New concerns about user privacy are being raised after a report surfaced that Facebook plans to eventually target consumers based on which apps they use.
The Wall Street Journal reported that Facebook’s new initiative in mobile advertising will push “the limits of how companies track what people do on their phones.”
“Presumably, people want to be able to browse the Web without having someone watching their every move,” commented TechZone360’s Oliver VanDervoort.
Under the reported approach, Facebook will track apps employed by users via the Facebook Connect feature, which lets users log into websites and apps via Facebook identities. Knowing that data, Facebook will then target ads, The Journal said.
Facebook can also try to track what users do while using the apps.
With the new ads, Facebook goes beyond mobile-ad networks, which only track the ads users clicked on via a Web browser on a phone, according to WSJ.
One example is someone who plays Zynga's "Words with Friends" – and will be targeted with ads for more Zynga games, according to a report from Naked Security.
In contrast, Apple can now target ads based on apps which users download from the App Store and iTunes. Neither Google nor Apple now track what users do in apps to target ads, according to news reports.
With privacy concerns, Facebook is being urged to offer methods to opt out of the mobile ad targeting, WSK said. Justin Brookman, director of the Center for Democracy and Technology's project on consumer privacy, said Facebook should let users log in via Facebook Connect and not track what the users do, or if they do the company should be transparent.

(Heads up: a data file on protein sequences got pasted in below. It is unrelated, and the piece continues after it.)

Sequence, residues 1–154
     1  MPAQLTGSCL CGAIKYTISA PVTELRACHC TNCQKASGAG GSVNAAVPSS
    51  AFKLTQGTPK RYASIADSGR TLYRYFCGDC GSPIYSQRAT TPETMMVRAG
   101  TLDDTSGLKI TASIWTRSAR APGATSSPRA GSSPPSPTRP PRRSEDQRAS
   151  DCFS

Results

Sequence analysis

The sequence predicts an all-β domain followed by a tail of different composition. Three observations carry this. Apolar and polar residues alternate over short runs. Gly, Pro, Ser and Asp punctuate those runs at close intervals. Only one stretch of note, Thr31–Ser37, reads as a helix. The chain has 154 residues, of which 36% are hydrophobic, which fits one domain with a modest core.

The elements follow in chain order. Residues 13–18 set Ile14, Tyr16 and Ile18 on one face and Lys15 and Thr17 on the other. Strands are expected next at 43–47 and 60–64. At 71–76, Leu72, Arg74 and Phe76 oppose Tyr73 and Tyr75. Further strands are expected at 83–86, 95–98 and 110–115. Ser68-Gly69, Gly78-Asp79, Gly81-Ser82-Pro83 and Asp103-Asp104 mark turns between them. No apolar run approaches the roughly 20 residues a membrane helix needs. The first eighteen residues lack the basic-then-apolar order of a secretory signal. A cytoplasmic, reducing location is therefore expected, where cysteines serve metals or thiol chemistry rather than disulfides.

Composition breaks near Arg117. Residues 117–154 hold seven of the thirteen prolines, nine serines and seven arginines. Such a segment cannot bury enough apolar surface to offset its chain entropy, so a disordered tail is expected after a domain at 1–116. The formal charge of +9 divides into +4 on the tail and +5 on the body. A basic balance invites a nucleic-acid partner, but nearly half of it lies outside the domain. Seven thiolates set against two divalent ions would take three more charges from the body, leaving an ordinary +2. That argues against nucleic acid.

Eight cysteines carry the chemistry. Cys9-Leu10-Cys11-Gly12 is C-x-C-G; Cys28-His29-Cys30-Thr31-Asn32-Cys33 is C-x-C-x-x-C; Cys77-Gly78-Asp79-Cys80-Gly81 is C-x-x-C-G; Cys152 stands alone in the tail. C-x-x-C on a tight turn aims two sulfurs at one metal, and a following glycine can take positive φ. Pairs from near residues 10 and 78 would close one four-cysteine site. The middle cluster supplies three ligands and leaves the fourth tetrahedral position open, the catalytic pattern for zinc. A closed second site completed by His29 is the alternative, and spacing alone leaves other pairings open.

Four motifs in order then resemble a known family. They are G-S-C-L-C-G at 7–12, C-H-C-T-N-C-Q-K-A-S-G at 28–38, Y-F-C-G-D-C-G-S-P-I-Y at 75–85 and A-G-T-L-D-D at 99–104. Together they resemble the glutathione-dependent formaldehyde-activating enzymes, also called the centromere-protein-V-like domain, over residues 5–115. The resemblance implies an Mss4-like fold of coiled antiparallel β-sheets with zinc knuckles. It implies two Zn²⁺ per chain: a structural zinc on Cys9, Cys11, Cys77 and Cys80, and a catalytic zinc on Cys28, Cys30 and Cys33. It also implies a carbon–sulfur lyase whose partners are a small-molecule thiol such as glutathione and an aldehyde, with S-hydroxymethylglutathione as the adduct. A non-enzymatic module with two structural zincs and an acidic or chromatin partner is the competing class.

In addition, Facebook would likely charge advertisers every time an app is installed on a users' smartphone. The social media site would charge more for an app installation than for the number of viewers who looked at an ad.
The new method is a way for Facebook to increase revenue via mobile devices – after its disappointed IPO in May.
“Mobile revenue has been a sore spot for the company for months,” reported GigaOM. “While Twitter has had success with its native mobile advertising (even reporting that mobile revenue outpaces desktop revenue), Facebook has been slower to make money from the 500 million users who access the social network from a phone…Facebook has little choice but to be as aggressive as it can be.”
U.S. mobile ad spending will increase some 80 percent to $2.61 billion during 2012, GigaOM added.
Facebook may begin to offer the new mobile ad product later this month, The Journal said.
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